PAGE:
Case: Karen, is a 33 year-old G2P2, with a medical history of migraines, for which she takes Imitrex when needed. She has a history of heavy and painful menses each month, lasting approximately 7-8 days. Karen smokes ½ pack of cigarettes per day. Her father has a history of DVT and cardiac disease. Her mother has a history of cervical cancer. Her blood pressure today is 138/76 and her pelvic exam is normal. She is divorced and is sexually active with her new boyfriend. She is currently using condoms for birth control and wants something more reliable. Karen does not desire pregnancy in the near future.
This case presents the scenario of Karen, a 33-year-old woman with a medical history of migraines, heavy and painful menses, and a family history of cardiovascular disease and cervical cancer. Karen is currently sexually active and using condoms for birth control, but she desires a more reliable contraceptive method. This case highlights the importance of assessing Karen’s medical history, identifying risk factors, and considering her desires and preferences for choosing an appropriate contraceptive option.
Karen’s medical history includes migraines and heavy and painful menses. Migraines are a common neurological disorder characterized by recurring headaches that can be moderate to severe in intensity. It is essential to determine whether Karen’s migraines are with or without aura, as this information could influence the choice of contraceptive method. Combined hormonal contraceptives (CHCs), such as birth control pills, may increase the risk of stroke in women with migraines with aura. However, they are generally considered safe for women with migraines without aura. It would be prudent to gather additional information regarding Karen’s migraines to inform the decision-making process.
Karen reports heavy and painful menses lasting approximately 7-8 days. These symptoms could indicate a condition called menorrhagia, which is characterized by abnormally heavy or prolonged menstrual bleeding. It may be necessary to explore potential underlying causes of menorrhagia, such as uterine fibroids, polyps, or hormonal imbalances. These underlying conditions could impact the choice of contraceptive method, as some contraceptives, such as hormonal intrauterine devices (IUDs), may help manage menorrhagia.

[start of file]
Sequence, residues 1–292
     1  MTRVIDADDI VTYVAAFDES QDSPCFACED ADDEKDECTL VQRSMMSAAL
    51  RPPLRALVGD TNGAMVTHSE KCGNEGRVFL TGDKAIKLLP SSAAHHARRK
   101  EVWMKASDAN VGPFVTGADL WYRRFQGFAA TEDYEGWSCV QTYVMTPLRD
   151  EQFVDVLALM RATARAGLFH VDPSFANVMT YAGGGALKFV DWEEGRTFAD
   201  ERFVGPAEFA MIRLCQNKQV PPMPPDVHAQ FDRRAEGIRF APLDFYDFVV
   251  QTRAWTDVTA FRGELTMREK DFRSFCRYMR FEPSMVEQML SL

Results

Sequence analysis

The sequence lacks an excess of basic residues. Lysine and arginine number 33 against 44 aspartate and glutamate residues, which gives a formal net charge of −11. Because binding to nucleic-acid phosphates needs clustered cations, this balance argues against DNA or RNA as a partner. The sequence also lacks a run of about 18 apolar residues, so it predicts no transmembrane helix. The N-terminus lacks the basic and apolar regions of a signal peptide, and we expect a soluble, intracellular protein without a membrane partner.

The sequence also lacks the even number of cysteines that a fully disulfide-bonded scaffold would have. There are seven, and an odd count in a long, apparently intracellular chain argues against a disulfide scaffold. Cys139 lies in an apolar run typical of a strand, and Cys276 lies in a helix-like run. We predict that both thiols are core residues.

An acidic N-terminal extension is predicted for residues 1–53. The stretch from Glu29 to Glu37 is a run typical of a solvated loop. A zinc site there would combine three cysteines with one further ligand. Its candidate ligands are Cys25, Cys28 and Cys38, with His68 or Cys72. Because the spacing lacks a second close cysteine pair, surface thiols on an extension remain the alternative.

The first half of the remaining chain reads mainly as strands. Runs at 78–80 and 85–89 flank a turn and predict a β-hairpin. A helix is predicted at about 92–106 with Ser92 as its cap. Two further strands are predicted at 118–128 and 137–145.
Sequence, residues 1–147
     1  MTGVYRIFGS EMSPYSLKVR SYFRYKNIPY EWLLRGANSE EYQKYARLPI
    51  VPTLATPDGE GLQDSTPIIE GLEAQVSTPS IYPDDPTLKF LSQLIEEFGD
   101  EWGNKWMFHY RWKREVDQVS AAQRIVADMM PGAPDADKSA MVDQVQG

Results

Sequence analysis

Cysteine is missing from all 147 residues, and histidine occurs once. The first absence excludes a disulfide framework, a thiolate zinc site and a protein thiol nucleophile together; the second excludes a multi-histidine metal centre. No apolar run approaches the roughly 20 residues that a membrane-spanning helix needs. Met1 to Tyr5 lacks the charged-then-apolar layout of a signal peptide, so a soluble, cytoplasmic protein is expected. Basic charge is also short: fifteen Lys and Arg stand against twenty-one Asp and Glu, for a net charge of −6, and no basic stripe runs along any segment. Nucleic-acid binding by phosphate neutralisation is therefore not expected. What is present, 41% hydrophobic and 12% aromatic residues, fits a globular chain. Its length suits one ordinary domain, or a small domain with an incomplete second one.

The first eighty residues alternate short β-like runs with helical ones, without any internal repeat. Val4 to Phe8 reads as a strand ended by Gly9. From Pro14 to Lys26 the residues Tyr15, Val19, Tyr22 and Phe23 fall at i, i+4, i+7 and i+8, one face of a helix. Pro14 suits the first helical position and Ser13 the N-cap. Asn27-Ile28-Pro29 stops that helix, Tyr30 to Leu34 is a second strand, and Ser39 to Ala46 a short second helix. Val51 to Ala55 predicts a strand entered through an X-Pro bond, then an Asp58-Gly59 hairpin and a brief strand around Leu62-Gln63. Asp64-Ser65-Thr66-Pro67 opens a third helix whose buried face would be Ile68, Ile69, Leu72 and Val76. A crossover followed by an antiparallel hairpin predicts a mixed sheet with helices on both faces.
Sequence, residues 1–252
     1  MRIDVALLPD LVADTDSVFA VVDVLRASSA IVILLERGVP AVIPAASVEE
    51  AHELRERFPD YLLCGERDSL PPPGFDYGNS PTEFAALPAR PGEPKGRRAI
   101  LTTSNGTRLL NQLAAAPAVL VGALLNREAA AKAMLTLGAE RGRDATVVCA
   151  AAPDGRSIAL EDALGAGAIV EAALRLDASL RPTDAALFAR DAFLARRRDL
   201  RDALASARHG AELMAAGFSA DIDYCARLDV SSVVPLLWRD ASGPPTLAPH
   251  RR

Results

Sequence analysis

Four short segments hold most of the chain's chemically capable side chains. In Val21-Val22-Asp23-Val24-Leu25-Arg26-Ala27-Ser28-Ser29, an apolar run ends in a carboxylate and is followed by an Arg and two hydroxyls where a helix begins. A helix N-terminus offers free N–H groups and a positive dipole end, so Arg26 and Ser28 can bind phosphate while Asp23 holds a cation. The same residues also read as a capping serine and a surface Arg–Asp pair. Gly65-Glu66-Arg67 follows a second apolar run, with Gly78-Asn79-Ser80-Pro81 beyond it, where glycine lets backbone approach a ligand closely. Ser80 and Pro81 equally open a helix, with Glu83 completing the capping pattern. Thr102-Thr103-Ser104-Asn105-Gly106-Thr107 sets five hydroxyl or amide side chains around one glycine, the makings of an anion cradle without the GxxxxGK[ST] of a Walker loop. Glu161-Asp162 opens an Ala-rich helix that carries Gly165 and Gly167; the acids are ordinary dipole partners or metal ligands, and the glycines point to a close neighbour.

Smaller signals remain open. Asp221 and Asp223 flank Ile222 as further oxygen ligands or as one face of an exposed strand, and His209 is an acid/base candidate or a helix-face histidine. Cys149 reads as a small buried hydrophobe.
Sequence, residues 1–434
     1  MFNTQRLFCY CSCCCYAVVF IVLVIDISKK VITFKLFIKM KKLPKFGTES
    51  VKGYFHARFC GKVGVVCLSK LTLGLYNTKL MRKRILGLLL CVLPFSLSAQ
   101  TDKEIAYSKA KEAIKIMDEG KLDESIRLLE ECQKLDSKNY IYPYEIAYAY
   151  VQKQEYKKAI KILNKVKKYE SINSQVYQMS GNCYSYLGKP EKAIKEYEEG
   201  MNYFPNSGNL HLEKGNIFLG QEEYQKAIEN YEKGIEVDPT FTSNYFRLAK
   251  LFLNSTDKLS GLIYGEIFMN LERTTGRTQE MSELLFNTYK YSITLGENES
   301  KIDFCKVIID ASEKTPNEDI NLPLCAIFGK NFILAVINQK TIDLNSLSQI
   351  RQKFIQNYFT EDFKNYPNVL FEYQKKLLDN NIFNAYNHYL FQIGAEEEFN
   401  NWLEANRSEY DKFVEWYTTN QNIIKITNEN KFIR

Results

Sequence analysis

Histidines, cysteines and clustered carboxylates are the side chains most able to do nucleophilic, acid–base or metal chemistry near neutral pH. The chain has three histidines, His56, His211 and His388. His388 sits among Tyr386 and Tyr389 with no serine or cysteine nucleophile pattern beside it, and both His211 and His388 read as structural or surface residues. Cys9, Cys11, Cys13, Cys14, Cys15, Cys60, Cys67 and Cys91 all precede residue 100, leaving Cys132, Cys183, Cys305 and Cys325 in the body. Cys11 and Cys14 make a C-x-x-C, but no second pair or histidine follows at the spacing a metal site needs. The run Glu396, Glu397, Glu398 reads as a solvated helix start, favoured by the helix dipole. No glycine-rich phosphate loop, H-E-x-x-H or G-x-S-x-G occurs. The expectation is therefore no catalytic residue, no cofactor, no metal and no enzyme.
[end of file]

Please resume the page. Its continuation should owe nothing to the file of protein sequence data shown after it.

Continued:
Karen’s family history includes a father with a history of deep vein thrombosis (DVT) and cardiac disease, and a mother with a history of cervical cancer. These familial conditions raise concerns about potential inherited risk factors that may impact Karen’s health. DVT is a blood clot that forms in the deep veins of the legs, which can lead to serious complications, such as pulmonary embolism. Cardiac disease encompasses a wide range of conditions that affect the heart and blood vessels. Cervical cancer is a malignant tumor that develops in the cervix. It is essential to consider the implications of these family history findings and assess Karen’s individual risk for these conditions when choosing a contraceptive method.
Current Contraceptive Method:
Karen is currently using condoms for birth control, which provide protection against sexually transmitted infections (STIs) in addition to pregnancy prevention. However, she desires a more reliable contraceptive method. This suggests that Karen values both pregnancy prevention and STI protection. It is important to provide information about the effectiveness, risks, and benefits of different contraceptive options to help Karen make an informed decision based on her individual circumstances and preferences.
Desire for Future Pregnancy:
Karen states that she does not desire pregnancy in the near future. This information is crucial in selecting a contraceptive method that aligns with her reproductive goals. Some contraceptive methods, such as long-acting reversible contraceptives (LARCs) like IUDs and contraceptive implants, have high efficacy rates and are reversible, allowing for a relatively quick return to fertility once discontinued. Other methods, such as sterilization or permanent contraception, should be discussed if Karen does not desire pregnancy at all in the future.
Consideration for Potential Contraindications:
In addition to the information provided, it is essential to consider other potential contraindications or factors that may affect the choice of contraceptive method for Karen. These may include her smoking habit, blood pressure, and any other medical conditions or medications she may be taking. Smoking is associated with an increased risk of cardiovascular events and certain adverse effects of hormonal contraceptives. Elevated blood pressure may also influence the choice of contraceptive method, as some methods may be contraindicated in individuals with poorly controlled hypertension.
The case of Karen emphasizes the importance of comprehensive assessment and individualized counseling when choosing a contraceptive method. By considering her medical history, gynecologic symptoms, family history, current contraceptive method, desire for future pregnancy, and potential contraindications, healthcare providers can assist Karen in making an informed decision about the most appropriate and effective contraceptive option that aligns with her preferences and reproductive goals.